Passengers who are lucky enough to travel in long-haul first class suites experience unparalleled luxury on commercial flights. Such cabins are as close as one can get to flying on a private jet without actually doing so. Of course, such tickets demand understandably high prices. But what about for the airlines themselves – how much they pay to install such glamourous suites?
To install a long-haul first class suite will generally cost an airline hundreds of thousands of dollars. For example, Executive Traveller reports that the price can range from $250,000 to $500,000 per suite, compared to $30,000 to $80,000 for a business class seat.
According to The Points Guy, some suites can even reach the million-dollar mark! Of course, the nature of a first class suite can vary in terms of its size and offerings, hence the wide range of prices. For example, Etihad’s legendary ‘Residence’ on its Airbus A380s featured three whole rooms of airborne luxury for its lucky guests!
Gizmodo reports that an aspect of the cost beyond the seat itself is the extra work that needs to be done to the cabin to allow for its installation. This can include “extensive rewiring, ductwork changes and reinforced cabin floors.” All in all, these various costs make for considerably more expensive ticket prices. Last June, Simple Flying found that a flexible London-Sydney return with Emirates in August came in at around $12,200, compared to $1,800 in flexible economy.
Correspondingly classy catering
Not all long-haul airlines offer a first class product. However, for those that do, it needs to represent a tangible step up from business class (which will likely already be very nice) in order for passengers to justify the extra expense.
As such, first class products will generally offer advantageous aspects like an enhanced onboard catering service. First class passengers generally have access to the best quality and widest range of onboard food and drink. Of course, onboard meal service has undergone significant changes since the start of the ongoing coronavirus pandemic.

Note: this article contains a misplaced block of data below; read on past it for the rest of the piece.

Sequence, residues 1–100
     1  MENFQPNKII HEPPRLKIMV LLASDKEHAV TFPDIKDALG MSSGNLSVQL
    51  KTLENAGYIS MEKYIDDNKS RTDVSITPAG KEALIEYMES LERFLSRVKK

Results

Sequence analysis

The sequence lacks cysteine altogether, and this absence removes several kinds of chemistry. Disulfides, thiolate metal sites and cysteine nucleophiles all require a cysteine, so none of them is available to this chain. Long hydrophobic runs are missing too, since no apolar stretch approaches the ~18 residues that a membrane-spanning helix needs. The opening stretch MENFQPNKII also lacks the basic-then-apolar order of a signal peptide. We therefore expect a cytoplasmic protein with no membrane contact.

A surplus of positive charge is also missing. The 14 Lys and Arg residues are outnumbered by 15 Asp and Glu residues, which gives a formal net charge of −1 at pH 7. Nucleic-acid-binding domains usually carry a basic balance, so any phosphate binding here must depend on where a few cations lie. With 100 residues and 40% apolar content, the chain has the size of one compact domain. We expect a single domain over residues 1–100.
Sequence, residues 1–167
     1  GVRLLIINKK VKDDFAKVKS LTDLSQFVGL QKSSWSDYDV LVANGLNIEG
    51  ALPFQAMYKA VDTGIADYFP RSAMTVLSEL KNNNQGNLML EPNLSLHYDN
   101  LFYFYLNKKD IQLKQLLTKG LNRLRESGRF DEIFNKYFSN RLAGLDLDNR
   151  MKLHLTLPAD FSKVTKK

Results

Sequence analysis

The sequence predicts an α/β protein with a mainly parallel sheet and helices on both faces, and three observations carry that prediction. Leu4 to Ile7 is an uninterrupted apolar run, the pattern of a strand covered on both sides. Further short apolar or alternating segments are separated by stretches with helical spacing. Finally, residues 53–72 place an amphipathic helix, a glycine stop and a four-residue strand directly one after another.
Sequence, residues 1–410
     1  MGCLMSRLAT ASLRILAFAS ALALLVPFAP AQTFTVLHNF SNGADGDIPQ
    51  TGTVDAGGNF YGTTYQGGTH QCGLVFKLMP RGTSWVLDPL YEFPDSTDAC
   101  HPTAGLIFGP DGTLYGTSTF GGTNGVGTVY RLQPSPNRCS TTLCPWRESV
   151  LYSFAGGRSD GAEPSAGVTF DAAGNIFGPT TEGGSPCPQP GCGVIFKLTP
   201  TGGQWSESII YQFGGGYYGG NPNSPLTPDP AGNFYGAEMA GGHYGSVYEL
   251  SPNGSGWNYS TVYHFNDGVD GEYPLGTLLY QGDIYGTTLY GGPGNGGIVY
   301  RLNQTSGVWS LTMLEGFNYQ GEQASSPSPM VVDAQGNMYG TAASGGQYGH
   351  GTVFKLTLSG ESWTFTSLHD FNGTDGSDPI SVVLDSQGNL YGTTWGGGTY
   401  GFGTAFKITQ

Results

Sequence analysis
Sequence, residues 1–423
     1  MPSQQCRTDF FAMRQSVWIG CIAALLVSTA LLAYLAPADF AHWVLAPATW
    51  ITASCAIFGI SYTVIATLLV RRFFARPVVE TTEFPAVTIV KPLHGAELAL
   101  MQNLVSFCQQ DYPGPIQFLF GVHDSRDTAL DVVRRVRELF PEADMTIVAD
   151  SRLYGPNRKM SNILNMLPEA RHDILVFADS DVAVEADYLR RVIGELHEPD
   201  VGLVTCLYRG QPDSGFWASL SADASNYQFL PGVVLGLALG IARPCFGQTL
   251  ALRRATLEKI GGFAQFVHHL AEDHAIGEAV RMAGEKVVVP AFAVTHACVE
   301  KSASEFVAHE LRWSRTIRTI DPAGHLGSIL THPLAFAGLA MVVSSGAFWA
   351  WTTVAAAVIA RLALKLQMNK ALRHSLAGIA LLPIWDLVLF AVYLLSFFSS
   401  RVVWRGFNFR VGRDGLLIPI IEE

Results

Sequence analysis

Increased space. First class suites feature roomier seats than their business class counterparts, both in terms of pitch and width. To use the example of Singapore Airlines’ Boeing 777-300s, its first class suites offer 11 inches more pitch (71 vs 60) and 10.5 inches more width (35 vs 24.5) than in business class.
More favorable configuration. The aforementioned increased space generally results in a preferable seating configuration for first class passengers. Staying with the example of Singapore Airlines‘ 777s, first class is in a 1-2-1 layout. This means that every suite has direct aisle access. Meanwhile, some of these aircraft (standard -200 and -300 variants) have a 2-2-2 business class setup. In such a cabin, window seats do not have this advantage.
Increased privacy. Many long-haul first class products allow passengers a greater sense of privacy. Some may have dividers between you and your neighbor, whereas others might be fully enclosed altogether. Combined with the nicer seat, this can make for a very relaxing experience.
Overall, when one considers the cost of installing a first class seat, and the advantages over an airline’s corresponding business class product, it is understandable that such tickets demand high prices. For those who can afford it, ir represents a very glamorous way to see the world!
Have you ever flown in a first class suite? Was it worth the price you paid? Let us know your thoughts and experiences in the comments!